Saturday, April 30, 2011

Linda Ronstadt, Back in the Day

I can't say that I've ever been a big fan of Linda Ronstadt, but the woman sure had (and probably still has) a powerful voice. Contrary to popular belief, a voice alone doesn't translate into knowing how to sing. Praising a singer because of his/her voice is like saying a writer has a nice pen. It's how the singer uses that voice that makes the difference. The average contestant on American Idol doesn't have a clue. They whine and warble without taste or discipline, stretching out syllables because they believe this technique enhances the drama in a performance. It does no such thing.

Ronstadt knew how to use her voice and achieved dramatic results honestly, by finding the emotion in the lyrics and acting them out under the direction of the melody. Her greatest performances, to my ears, anyway, can be found on her 1976 album, Hasten Down the Wind, the follow-up to 1975's Heart Like a Wheel which brought her a top 10 hit with "You're No Good," and made her a star after a decade or so of performing. Although Hasten Down the Wind was a major hit, its first two singles failed to reach the top 40. I remember hearing "Someone to Lay Down Beside Me" many times during the bone-chilling Cleveland winter of 1977, and yet it only climbled to number 42 on Billboard's national chart. "Lose Again" did even worse, gasping its last at number 76. Both songs were written by Karla Bonoff, and are classic torch ballads that gave Ronstadt great opportunities to show her stuff. A live performance of the latter from a 1976 concert in London is available on You Tube. It's well worth hearing and also a pleasure to watch. Ronstadt was quite the babe back in the day (to use a phrase that really should be retired, and soon).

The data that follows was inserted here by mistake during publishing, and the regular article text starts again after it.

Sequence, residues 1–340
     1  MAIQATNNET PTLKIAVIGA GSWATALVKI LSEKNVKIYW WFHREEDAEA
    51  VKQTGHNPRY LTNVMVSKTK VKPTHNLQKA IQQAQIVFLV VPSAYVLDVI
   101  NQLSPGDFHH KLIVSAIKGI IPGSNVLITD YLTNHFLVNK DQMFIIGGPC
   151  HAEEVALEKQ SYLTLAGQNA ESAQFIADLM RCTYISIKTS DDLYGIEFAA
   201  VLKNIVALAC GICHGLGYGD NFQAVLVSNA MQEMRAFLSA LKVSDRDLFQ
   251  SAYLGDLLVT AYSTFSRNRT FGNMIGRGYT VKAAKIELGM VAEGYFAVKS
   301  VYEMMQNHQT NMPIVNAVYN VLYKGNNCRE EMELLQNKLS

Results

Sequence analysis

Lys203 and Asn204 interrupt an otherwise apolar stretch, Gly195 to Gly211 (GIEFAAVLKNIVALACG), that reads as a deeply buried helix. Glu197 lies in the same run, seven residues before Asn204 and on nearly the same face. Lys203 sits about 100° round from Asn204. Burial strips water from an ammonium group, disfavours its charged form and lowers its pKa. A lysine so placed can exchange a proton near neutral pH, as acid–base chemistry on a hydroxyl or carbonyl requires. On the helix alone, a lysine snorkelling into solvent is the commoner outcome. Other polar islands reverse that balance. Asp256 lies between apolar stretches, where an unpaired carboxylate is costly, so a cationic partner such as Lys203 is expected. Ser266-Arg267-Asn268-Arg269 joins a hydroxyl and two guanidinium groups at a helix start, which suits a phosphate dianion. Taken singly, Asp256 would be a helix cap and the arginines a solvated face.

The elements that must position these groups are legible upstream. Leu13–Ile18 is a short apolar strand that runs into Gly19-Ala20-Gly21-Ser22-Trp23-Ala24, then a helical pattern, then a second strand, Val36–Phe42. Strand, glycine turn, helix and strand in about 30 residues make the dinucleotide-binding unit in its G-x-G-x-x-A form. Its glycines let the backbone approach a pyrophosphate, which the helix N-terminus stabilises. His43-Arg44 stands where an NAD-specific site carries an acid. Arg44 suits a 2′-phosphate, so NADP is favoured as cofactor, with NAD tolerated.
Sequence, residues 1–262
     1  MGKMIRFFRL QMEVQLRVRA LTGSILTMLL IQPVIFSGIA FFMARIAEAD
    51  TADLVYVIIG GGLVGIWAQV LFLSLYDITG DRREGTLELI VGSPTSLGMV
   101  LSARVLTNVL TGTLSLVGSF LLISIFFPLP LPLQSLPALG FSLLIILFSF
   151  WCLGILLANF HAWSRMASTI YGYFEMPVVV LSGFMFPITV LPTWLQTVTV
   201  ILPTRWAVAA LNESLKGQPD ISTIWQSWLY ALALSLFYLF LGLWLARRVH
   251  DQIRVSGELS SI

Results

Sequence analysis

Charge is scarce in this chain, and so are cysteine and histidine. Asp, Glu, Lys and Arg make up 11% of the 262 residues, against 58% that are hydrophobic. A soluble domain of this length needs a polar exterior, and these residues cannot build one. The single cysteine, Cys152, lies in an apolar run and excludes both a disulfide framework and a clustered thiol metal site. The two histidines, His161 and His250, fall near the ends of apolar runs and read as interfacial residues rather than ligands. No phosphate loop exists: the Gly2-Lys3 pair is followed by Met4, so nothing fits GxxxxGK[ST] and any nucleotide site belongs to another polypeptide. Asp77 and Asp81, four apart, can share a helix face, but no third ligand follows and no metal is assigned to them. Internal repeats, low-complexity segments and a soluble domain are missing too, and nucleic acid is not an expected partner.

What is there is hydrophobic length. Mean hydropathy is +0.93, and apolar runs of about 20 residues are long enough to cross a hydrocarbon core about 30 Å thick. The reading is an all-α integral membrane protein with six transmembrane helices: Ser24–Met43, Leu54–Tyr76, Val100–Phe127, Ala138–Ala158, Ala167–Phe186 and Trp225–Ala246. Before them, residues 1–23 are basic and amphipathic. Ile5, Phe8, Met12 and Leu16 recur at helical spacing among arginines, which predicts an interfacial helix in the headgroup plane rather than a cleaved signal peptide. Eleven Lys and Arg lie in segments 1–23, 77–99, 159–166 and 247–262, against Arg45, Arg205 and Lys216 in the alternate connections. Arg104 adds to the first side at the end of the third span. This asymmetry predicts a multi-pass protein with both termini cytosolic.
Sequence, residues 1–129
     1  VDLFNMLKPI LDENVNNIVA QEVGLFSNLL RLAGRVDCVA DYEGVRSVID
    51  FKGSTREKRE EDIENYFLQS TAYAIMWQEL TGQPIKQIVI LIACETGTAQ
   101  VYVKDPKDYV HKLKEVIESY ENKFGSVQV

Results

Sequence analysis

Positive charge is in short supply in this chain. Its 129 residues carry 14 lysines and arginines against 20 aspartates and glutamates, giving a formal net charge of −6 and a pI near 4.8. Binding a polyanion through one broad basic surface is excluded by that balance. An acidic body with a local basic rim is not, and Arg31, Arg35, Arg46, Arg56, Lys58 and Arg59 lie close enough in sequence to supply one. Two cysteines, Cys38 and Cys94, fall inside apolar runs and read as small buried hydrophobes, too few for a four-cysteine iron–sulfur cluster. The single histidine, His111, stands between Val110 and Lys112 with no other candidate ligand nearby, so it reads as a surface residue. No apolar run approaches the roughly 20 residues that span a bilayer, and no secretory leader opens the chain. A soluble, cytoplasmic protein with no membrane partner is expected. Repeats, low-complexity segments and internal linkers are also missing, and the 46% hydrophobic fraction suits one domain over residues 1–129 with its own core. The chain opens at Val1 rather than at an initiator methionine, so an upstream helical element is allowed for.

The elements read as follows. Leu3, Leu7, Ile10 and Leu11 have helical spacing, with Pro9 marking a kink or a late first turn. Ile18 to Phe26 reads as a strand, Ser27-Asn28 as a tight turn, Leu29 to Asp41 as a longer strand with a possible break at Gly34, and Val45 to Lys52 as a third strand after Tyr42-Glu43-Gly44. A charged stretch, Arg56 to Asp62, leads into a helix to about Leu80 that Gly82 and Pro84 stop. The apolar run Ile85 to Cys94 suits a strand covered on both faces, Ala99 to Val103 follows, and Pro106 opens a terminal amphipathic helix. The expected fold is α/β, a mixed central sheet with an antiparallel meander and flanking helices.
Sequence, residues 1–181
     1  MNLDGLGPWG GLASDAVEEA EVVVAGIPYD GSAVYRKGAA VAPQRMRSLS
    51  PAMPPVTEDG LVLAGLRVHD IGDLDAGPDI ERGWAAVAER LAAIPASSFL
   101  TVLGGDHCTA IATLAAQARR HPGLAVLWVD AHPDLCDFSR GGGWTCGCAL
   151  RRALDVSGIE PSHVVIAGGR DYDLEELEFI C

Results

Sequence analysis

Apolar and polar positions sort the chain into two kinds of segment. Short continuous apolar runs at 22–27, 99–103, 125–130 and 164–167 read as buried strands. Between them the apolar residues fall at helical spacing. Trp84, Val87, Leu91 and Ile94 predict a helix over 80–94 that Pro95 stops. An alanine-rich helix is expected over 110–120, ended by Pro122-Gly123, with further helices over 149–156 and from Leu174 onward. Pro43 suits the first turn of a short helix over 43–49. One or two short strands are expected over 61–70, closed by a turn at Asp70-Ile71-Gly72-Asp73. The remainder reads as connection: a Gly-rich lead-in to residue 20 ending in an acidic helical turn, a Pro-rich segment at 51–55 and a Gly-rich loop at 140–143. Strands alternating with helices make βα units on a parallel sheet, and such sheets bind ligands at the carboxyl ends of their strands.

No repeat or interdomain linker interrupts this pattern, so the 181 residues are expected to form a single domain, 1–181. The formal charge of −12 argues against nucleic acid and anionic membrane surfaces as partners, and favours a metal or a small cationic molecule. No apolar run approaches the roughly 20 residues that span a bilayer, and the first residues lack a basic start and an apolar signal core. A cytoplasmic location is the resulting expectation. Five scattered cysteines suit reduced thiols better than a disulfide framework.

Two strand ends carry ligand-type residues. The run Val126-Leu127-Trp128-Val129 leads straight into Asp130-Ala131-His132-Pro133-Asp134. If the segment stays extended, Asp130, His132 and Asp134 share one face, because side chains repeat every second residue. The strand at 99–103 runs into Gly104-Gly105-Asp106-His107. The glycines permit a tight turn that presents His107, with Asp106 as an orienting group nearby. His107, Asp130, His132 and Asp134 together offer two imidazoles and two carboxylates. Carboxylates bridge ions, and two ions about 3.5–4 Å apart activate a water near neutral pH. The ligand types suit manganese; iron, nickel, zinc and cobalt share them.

© 2011 Brian W. Fairbanks


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